Solution: Children’s hospitals’ financial sustainability depends on optimizing revenue and containing costs as organizations safely bring back care. The digital capabilities included below can enable children’s hospitals to impact key financial levers:

  • Digital Reimbursement—including prior authorization, denials management, financial clearance, coding, and clinical documentation—can help hospitals increase productivity and capture more revenue, while also reducing the overall cost associated with the administrative burden of these functions. Additionally, children’s hospitals can everage innovative approaches via machine learning and natural language to do work that was previously unimaginable.
  • Robotic Process Automation (RPA) to automate error-prone and time-consuming tasks, thus reducing errors, removing bottlenecks, and curtailing FTE bloat

Children’s Hospitals Must Re-envision Care to Address Shifts in Payer Mix

The COVID-19 pandemic has resulted in record unemployment numbers that will increase the mix of Medicaid, CHIP, and self-pay patients at children’s hospitals. Additionally, families who retain employer-sponsored insurance may have higher deductibles and co-pays and more limited network options (from which children’s hospitals are often excluded)—potentially decreasing demand for providers.

Solution: Providing efficient care is more important than ever as revenue has been severely limited while a majority of costs are fixed, and short-term variable costs have increased. Employing a few key digital capabilities can decrease children’s hospitals’ costs while enabling high-quality care and outcomes:

  • Remote Patient Monitoring to enable complex/chronic condition management, while improving provider efficiency and capacity
  • Care Plan Automation to increase patient and family engagement, empower patients and families with educational content, improve care plan and medication adherence, and automate routine tasks.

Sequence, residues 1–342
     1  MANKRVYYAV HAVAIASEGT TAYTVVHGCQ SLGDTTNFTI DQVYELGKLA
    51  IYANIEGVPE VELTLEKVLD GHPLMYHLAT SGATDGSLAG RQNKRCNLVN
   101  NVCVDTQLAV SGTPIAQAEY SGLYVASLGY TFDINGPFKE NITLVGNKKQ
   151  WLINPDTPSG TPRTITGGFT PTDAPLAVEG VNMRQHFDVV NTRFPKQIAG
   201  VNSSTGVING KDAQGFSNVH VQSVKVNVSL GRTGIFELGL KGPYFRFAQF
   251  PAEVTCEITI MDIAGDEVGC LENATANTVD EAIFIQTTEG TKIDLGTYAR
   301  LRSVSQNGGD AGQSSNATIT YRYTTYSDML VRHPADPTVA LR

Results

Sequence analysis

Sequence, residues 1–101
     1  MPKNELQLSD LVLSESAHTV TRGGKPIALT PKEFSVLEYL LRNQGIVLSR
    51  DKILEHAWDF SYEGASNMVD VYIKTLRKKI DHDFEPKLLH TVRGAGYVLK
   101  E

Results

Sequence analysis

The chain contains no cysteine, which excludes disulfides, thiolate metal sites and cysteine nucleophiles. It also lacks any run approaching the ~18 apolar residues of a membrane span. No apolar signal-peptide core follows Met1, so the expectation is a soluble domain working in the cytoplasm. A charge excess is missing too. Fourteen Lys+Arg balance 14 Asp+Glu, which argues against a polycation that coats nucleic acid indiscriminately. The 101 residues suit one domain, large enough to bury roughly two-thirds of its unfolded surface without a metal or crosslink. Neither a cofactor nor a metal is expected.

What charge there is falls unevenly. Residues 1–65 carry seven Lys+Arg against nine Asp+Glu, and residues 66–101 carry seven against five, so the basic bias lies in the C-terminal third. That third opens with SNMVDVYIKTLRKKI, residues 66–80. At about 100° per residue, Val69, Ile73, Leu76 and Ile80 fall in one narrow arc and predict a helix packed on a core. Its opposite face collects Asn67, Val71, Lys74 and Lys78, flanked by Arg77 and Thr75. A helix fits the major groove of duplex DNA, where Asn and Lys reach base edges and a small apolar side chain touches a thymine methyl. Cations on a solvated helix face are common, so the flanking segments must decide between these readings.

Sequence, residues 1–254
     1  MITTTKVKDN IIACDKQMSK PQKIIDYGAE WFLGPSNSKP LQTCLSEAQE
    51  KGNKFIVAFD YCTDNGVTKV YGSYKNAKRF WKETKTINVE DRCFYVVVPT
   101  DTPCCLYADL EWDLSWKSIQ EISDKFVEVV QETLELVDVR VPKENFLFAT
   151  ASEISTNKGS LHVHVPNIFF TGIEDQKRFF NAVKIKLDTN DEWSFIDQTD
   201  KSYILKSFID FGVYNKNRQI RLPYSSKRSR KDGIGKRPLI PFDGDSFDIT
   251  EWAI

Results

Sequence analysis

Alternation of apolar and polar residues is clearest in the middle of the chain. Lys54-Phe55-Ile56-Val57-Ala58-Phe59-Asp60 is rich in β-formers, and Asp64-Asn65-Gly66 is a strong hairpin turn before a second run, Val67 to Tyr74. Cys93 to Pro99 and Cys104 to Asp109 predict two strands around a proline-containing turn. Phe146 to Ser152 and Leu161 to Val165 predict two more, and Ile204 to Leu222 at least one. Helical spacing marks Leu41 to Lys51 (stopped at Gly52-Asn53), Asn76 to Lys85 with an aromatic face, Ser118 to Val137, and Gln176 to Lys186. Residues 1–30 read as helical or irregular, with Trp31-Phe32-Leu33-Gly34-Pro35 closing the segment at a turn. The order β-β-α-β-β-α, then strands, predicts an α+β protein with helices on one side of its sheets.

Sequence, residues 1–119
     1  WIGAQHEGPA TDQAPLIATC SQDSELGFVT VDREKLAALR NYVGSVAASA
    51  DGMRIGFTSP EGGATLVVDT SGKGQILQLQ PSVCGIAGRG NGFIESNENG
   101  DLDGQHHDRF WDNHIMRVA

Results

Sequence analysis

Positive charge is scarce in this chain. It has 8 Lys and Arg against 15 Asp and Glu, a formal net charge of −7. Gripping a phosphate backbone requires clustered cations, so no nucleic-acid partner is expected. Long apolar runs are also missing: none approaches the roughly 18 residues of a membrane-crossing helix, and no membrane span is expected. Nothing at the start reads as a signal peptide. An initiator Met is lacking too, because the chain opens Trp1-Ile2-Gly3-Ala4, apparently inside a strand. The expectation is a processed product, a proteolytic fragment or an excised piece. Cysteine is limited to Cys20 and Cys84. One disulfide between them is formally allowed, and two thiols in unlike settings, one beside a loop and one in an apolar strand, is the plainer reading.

COVID-19 has impacted children’s hospitals in unforgiving ways that will have long-lasting effects. One positive emerging from this crisis is the accelerated adoption of digital technology, which is here to stay. The realization of the power of digital has profoundly changed how care is delivered and received.

There is no better time than now to develop your digital strategy to bring care back and prepare for the “new normal.”

Learn More About Digital Approaches to Address COVID-19

To learn more about activating a digital approach to drive financial sustainability for your children’s hospital during the COVID-19 rolling recovery and new normal, explore our COVID-19 Resource Hub on AVIA Connect. Sign up or log in to AVIA Connect for unlimited access to our latest resources and recommendations on COVID-19.

Sources:
1. Schencker L and Heinzmann D. Busy, yet struggling: Illinois hospitals lose $1.4 billion a month as coronavirus cancels surgeries. Chicago Tribune. April 17, 2020.
2. Wolfson BJ. The pandemic is hurting pediatric hospitals, too. Kaiser Health News. May 19, 2020.
3. Wietecha M. Children’s hospitals are losing $1 million a day. The CARES Act doesn’t begin to cover it. CNN Business Perspectives. May 7, 2020.
4. Curran J. IBIS World Industry Report: Children’s Specialty Hospitals in the US. February 2019.